We wondered where, exactly, this movie came from since, well, Evans doesn't exactly hail from Indonesia. "It came from my sick, twisted brain," Evans joked. The movie seems to have been primarily inspired by a kind of creative desperation. "We finished the first movie, 'Merantau,' and we were looking to get a budget together to do a second film. And that proved really difficult. We spent a year-and-a-half getting the money, and after a year-and-a-half of not getting a movie made. I felt we really needed a second movie. So, knowing that I was going to have to work on a tight budget and there was the idea of containing it to one location, so we couldn't get rained off set." Evans said that the one-location constriction made him think of films he loved with similar conceits. "It set the tone of, 'What are the great films I love that are set in one location?' Films like 'Die Hard' and 'Assault on Precinct 13.'" Both films you can heavily feel in 'The Raid,' but what about the location and fighting style?
One thing that's very striking about "The Raid: Redemption" is that, for all its frantic, nonstop action, you're never confused about what's going on or who is being shot at or what the goals for any particular sequence are. And it's a huge testament to Evans' skill behind the camera that he can pull all of this off – there's at least a half dozen central SWAT team characters and dozens of villainous thugs to keep track of. We wondered what he was inspired by, especially given modern directors' insistence on jittery hand-held camera work that obscures all but the most essential bits of each scene.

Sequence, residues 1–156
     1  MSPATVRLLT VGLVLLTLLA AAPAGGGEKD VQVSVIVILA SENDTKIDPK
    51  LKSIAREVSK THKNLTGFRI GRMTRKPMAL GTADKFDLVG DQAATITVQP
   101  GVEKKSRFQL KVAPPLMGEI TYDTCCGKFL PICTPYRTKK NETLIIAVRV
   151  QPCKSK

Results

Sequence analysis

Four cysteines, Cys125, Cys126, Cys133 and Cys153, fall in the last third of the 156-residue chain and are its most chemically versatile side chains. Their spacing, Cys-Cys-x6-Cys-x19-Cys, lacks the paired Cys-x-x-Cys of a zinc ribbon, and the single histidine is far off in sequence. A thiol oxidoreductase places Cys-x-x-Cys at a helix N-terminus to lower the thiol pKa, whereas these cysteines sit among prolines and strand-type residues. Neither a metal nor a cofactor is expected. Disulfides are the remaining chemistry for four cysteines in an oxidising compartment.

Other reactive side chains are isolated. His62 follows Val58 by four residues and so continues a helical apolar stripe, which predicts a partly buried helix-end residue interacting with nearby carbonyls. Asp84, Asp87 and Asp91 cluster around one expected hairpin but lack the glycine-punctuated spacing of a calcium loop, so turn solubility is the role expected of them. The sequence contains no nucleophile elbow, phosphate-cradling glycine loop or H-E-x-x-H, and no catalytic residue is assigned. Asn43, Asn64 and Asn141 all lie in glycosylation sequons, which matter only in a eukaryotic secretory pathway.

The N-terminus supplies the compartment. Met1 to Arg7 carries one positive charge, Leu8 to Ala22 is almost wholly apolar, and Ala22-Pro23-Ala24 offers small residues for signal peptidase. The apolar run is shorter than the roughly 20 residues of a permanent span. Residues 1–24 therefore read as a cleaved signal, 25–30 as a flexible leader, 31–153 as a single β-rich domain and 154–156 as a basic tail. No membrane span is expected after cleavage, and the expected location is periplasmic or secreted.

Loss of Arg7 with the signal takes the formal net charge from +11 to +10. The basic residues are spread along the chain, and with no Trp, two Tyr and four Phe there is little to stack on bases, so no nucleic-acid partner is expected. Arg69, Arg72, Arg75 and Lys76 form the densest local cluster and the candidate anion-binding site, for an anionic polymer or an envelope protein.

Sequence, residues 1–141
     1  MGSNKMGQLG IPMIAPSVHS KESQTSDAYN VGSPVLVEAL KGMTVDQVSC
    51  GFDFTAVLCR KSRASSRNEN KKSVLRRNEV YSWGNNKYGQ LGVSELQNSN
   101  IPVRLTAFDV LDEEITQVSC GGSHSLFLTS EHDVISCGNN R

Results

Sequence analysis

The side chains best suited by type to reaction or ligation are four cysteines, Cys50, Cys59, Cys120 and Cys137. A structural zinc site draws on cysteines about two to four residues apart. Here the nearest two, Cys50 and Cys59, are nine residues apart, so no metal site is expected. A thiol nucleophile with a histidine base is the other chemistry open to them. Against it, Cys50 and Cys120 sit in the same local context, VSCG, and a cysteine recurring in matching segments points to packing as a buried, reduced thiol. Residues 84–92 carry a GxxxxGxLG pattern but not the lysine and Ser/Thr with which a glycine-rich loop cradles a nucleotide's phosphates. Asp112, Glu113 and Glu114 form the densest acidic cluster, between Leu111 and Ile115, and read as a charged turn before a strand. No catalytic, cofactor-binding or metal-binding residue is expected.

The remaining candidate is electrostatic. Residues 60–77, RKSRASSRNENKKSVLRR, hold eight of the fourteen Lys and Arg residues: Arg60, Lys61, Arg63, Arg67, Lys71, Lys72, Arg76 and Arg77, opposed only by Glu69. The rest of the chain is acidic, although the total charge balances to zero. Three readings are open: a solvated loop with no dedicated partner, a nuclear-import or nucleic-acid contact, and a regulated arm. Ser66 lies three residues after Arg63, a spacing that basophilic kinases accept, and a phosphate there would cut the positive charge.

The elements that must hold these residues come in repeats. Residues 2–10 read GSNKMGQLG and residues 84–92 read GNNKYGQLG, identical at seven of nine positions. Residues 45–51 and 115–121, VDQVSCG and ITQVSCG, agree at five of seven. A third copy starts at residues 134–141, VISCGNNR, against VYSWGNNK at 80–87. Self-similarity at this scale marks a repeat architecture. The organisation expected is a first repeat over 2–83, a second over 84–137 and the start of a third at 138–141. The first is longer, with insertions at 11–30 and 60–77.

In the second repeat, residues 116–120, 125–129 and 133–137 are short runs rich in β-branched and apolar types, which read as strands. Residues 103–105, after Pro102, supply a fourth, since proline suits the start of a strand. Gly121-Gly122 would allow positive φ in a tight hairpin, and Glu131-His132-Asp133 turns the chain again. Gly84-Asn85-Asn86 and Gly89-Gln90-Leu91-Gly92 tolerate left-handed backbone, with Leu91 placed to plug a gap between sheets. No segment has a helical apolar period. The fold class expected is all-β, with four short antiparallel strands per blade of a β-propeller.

Another influence, perhaps subconsciously, were old school videogames. A colleague pointed out this connection as we were leaving the screening and we had to ask Evans if this was intended. He said yes. "To a certain extent it's inevitable," Evans admitted. "When the set up is, they have to get to the top floor and the boss is up there. When that happens I don't see it as an insult either because I fucking love videogames." Part of that escalation was built into another aspect of modern action movies that he's sick of. "I hate when I see an action movie start with an incredible action sequence and nothing after it manages to match up, like the ending is a whimper and they spent all the money on the first ten minutes," Evans said. "So I felt like we had to keep ramping it up and we start good and keep getting better and better until the final fight is just the best fight you could do. And that requires you to do that thing where each opponent has to be a different level of threat. If it's just Iko walking through and obliterating people all the time then it gets boring fast."